Challenging the scorn

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by Stephen Maxwell

Many of Scotland’s established commentators are in a state of despair about the election debate.  Take this sample from the pages of the Scotsman over the last two weeks.

Writing from a temporary refuge in Tunisia Michael Fry contrasts the excitement of “lively and searching” late night debates among supporters of the Jasmine revolution with the “pork barrel politics” and “miserable trivialities” dominating our grey northern election.

Jim Sillars bemoans SNP’s neglect of the case for Scotland breaking free of the crisis stricken UK in favour of making spending pledges to “every interest group they can identify” while intoning the mantra of “more powers”.

Despair, scorn, hair tearing frustration or straight disbelief dominate the contributions of Gerry Hassan who believes that the social democracy which is the default mode of Scottish politics is “in tatters “ throughout Europe, John McTernan, surely the last living Blairite in Scotland, and Joyce Macmillan the most persisitent champion of an ethical politics for Scotland, as well as academic commentators such as Professors David Bell, Gavin McCrone and Stewart Sutherland.

The avatar of despair and scorn is Bill Jamieson, the Scotsman’s own Executive Editor.   “This election is heading to be one of the greatest frauds ever perpetrated on the Scottish public … How has Scotland the country that shone the torch of Enlightenment, the nation of Adam Smith, been brought to this?”

There will be few champions of independence who do not sympathise with some at least of these sentiments.  But we should be aware of their very different political premises.

Michael Fry is an idealist free marketeer who supports independence and believes that the national movement has “enough mental vigour and conceptual depth” to redeem its current failings.  Jim Sillars is a professed “unreconstructed fundamentalist” who holds that SNP’s current gradualism is misconceived.  Gerry Hassan is an intellectual entrepreneur who is continually stretching for the next Big Idea.  Joyce Macmillan is a champion of a value based politics who has been persuaded to support SNP for this election by its defence of public service universalism.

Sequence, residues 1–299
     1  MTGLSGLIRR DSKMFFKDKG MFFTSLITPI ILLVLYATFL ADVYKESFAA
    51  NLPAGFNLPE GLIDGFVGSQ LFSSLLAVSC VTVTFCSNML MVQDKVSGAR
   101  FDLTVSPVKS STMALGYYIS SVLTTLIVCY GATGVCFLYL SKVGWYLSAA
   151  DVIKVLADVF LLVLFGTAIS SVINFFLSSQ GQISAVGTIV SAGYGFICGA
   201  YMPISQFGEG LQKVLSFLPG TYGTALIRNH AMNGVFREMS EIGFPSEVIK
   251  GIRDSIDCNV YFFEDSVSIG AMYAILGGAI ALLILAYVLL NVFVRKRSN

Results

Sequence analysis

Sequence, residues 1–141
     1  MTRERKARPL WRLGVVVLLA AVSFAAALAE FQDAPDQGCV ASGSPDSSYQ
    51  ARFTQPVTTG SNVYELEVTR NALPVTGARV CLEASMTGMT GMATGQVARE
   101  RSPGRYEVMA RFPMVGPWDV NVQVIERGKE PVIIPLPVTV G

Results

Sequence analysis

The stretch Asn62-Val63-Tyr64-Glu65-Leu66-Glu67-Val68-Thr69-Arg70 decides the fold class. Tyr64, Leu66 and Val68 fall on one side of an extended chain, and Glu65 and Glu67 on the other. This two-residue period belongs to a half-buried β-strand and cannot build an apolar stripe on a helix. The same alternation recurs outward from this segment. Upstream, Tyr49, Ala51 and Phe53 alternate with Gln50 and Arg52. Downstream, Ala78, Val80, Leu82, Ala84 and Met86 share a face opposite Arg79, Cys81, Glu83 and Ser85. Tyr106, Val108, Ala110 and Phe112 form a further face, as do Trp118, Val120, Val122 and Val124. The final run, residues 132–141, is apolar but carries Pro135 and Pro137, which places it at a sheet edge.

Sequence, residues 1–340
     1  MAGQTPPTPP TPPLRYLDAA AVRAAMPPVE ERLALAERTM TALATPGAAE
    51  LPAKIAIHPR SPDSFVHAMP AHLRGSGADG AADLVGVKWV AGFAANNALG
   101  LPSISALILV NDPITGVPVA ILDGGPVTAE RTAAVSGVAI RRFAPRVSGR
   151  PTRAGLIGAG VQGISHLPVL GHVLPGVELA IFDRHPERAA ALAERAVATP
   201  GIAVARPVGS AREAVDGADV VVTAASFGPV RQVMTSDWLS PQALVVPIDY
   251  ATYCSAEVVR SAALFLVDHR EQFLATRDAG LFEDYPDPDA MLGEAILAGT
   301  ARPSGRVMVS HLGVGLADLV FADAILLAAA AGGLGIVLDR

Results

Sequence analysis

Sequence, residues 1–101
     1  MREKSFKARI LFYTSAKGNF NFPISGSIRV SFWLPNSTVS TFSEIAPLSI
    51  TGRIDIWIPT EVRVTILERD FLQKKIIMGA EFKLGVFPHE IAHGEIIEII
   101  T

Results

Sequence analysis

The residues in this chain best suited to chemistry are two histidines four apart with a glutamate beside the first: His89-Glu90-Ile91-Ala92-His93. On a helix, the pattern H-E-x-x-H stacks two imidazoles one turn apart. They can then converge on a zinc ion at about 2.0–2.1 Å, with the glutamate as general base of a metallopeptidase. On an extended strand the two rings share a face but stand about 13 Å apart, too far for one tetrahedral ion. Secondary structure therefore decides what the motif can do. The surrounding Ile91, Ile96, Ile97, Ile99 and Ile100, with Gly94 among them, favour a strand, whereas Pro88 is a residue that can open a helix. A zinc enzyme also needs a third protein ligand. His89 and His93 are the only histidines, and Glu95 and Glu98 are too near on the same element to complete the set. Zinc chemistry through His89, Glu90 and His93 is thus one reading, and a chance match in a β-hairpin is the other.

McTernan and Jamieson present altogether different challenges to the Scottish mainstream.  They share a frustration at the refusal of Scottish politics to accept the UK’s fiscal crisis as the grounds for abandoning its consensual social democracy for more radical change.  McTernan, a former senior policy adviser to Tony Blair, wants Scotland to take up the Blairite programme of reforms to the NHS and education.  Without radical reforms to the public sector and the abandonment of universalism Scotland will fall further behind a more dynamic England.

Jamieson targets the size rather than the shape of Scotland’s public sector.  We must cut our spending to the exigencies of the UK’s fiscal crisis.   Election promises to maintain let alone extend public spending are “lollipop politics”, an insult to the intelligence of the voters which will breed yet more cynicism towards politicians.  While he has expressed support for greater fiscal powers for Scotland he sees these first of all as a way of confronting the Scots with the hard financial realities rather than an escape route from the UK’s decline.

The policy challenges presented by this sample of commentators will survive the election.  Whether their common scorn for the quality of the parties’ policy offerings is shared by the voters will be shown by the turnout on May 5th.

 

Published with thanks to the Scottish Independence Convention